Democratic and Republican presidential candidates this week announced the results of their frenetic first-quarter campaign fund-raising efforts with New York Sen. Hillary Clinton leading that pack, as expected, with $26 million. But her chief Democratic rival, Illinois freshman Sen. Barack Obama, beat expectations with a very close second place showing at $25 million. Many Republicans were astonished when former Massachusetts Gov. Mitt Romney led the GOP field with $23 million even though polls show him well behind former New York City Mayor Rudolph Giuliani, who raised $15 million, and Arizona Sen. John McCain, who garnered $12.5 million.

Bush sidesteps Senate Democrats to appoint Fox

Using his authority to make temporary appointments when Congress is in recess, President Bush appointed prominent GOP fundraiser Sam Fox as ambassador to Belgium Wednesday. Senate Democrats objected to Fox because in 2004 he donated $50,000 to the Swift Boat Veterans for Truth group, which damaged Democratic presidential nominee John Kerry's campaign by accusing him of exaggerating his record during the Vietnam War. "It's sad but not surprising that this White House would abuse the power of the presidency to reward a donor over the objections of the Senate," Kerry said.

Bush denounces Pelosi's Syria trip

President Bush criticized House Speaker Nancy Pelosi and others in Congress Tuesday for going to Damascus to meet with Syrian President Bashar Assad, something the Bush administration refuses to do. The president said the trip by House Democrats and Republicans "sends mixed signals" that the Assad government is "part of the mainstream of the international community when, in fact, they are state sponsors of terror." Pelosi waved off the criticism. "We came in friendship, hope, and determined that the road to Damascus is a road to peace," she said. Pelosi met with Assad for three hours.

Supreme Court slaps Bush's air pollution policies

The U.S. Supreme Court ruled Monday that carbon dioxide and other greenhouse gases produced by automobiles must be regulated under the Clean Air Act, reversing the Bush administration's claim that it lacks authority to do so. In a 5-4 ruling, the court criticized the Environmental Protection Agency for offering "no reasoned explanation for its refusal to decide whether greenhouse gases cause or contribute to climate change." The next day, President Bush said he's taking the decision "very seriously" and promised to push for new standards with Congress.

World panel issues new global warming cautions

After an all-night series of negotiations, the United Nation's International Panel on Climate Change meeting in Belgium issued a report Friday that said warming temperatures will cause massive floods, food shortages and species extinctions. The United States, Saudi Arabia and China raised objections to the near-final draft Thursday, prompting last minute revisions. Panel chairman Rajendra Pachauri said the compromises were "a complex exercise." Even so, the report is apocalyptic, warning that 30 percent of all animal species face extinction if the world temperature rises another 3.6 degrees. - More...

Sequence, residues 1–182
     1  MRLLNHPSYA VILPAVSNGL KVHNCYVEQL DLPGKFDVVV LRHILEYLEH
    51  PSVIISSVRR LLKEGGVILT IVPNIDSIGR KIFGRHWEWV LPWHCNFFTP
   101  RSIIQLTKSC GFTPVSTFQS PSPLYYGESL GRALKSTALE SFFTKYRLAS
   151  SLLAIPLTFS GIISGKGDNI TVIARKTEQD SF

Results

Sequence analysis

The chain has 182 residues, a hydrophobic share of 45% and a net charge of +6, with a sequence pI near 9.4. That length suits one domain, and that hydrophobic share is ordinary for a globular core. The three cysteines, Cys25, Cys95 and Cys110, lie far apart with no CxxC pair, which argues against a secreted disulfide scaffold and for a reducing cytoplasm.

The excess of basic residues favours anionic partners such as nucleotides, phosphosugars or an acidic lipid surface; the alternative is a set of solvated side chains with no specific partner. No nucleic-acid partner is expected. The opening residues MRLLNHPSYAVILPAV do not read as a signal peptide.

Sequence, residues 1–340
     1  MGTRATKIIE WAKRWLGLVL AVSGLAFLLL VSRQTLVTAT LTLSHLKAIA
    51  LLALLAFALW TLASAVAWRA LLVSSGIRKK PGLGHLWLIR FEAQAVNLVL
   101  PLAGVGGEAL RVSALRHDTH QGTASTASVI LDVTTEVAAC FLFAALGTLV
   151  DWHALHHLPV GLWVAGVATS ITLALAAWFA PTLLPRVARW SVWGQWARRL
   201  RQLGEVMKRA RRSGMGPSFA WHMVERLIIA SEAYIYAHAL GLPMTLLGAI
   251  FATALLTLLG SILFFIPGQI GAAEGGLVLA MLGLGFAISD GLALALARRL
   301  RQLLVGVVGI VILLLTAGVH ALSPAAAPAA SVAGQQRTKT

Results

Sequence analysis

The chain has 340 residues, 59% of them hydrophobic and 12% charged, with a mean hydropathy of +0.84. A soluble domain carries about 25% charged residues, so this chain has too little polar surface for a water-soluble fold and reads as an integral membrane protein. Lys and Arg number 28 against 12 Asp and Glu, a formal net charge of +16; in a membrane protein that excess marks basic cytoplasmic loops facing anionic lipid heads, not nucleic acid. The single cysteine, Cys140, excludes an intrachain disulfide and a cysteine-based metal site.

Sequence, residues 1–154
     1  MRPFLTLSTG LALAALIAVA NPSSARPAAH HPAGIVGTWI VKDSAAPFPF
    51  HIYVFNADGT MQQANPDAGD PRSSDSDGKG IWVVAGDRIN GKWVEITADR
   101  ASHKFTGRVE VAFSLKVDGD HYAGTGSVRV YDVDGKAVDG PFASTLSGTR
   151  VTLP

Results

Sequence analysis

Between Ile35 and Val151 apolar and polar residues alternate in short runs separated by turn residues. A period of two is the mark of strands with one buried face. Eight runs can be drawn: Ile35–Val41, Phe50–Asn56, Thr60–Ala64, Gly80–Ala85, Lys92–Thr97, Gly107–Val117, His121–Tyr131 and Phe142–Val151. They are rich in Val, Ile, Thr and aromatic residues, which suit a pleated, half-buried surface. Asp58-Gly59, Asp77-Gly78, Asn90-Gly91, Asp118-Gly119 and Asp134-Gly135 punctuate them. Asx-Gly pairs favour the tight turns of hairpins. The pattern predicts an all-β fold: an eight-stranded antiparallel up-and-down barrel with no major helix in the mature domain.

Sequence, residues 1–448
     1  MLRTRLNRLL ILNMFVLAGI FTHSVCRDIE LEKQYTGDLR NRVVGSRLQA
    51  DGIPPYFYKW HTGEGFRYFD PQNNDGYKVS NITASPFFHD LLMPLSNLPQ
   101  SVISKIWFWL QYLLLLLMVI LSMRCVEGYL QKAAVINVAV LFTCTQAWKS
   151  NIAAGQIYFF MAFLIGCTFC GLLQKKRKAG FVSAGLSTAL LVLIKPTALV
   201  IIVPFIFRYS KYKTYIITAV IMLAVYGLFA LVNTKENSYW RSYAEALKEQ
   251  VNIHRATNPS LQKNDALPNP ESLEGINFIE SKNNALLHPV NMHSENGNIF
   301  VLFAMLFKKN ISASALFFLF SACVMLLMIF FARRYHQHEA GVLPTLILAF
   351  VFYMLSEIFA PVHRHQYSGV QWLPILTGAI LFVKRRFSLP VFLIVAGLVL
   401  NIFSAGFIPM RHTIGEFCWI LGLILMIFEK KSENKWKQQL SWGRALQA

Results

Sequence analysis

Saturday - April 07, 2007

Arts & Entertainment

Ketchikan: The Arts This Week - This week in Ketchikan Me, Myself and I, a self portrait show in the Mainstay Gallery opens Friday, April 6. As perhaps man's most intimate and pure display of consciousness, self-portraiture reveals the artist as he sees himself, as he wants to be seen, how he studies himself, and as the simple signature which states "I lived", lingering long after the artist has passed. Refreshments and first viewings will be from 5-7pm. The Mainstay Gallery is sponsored by the Arts Council. Call 225-2211 for more information.

Evening of Dancing & Dessert will feature ballroom dancing for all. Bring your favorite dessert and your taste for good music and ballroom dancing. Come show your best Waltz, Foxtrot, Swing and other ballroom dances on Saturday, April 7 starting at 7pm at the North Tongass Community Club across from Refuge Cove State Park on the South end of Sunset Drive. The cost is $10/ person, BYOB, wear your best Ginger Rogers or Fred Astaire outfits! Call the arts council for more info, 225-2211.

Presbyterian Church Presents New Lenten Art Show: A new collection of art with Lenten themes is now on display at the Ketchikan Presbyterian Church. The six pieces in the collection were all created in the 20th century; one represents a mid-century traditional Jesus, one represents a depiction of a medieval Jesus, one is a modern wheat weaving, and three are strikingly modern. This show will be on display through Easter and is available for viewing on Sundays or by appointment with the church, 225-3619.

Annual Hummingbird Festival Juried Art Show calling for art for the April 13th, 5-7pm opening reception at the Ketchikan Visitor's Bureau. Work inspired by spring migratory birds of SE Alaska is due by 5pm on April 4th at the Ketchikan Visitor's Bureau, 131 Front Street, Ketchikan, AK 99901. Cash prizes will be awarded. A full list of eligible birds and guidelines is available by contacting Leslie Swada at 907-228-6247 or

First City Players and ActOUT Youth Theatre Program invites you to join the Pevensie siblings - Lucy, Edmund, Susan and Peter- as they enter the mysterious and magical world of Narnia in the production of C.S. Lewis' timeless classic, The Lion, The Witch and The Wardrobe, adapted by Joseph Robinette. Tickets are available at the FCP office or call 225-4792, $15 ad, $10 srs, college, military, $5 st thru 12th gr. - More...
Wednesday - April 04, 2007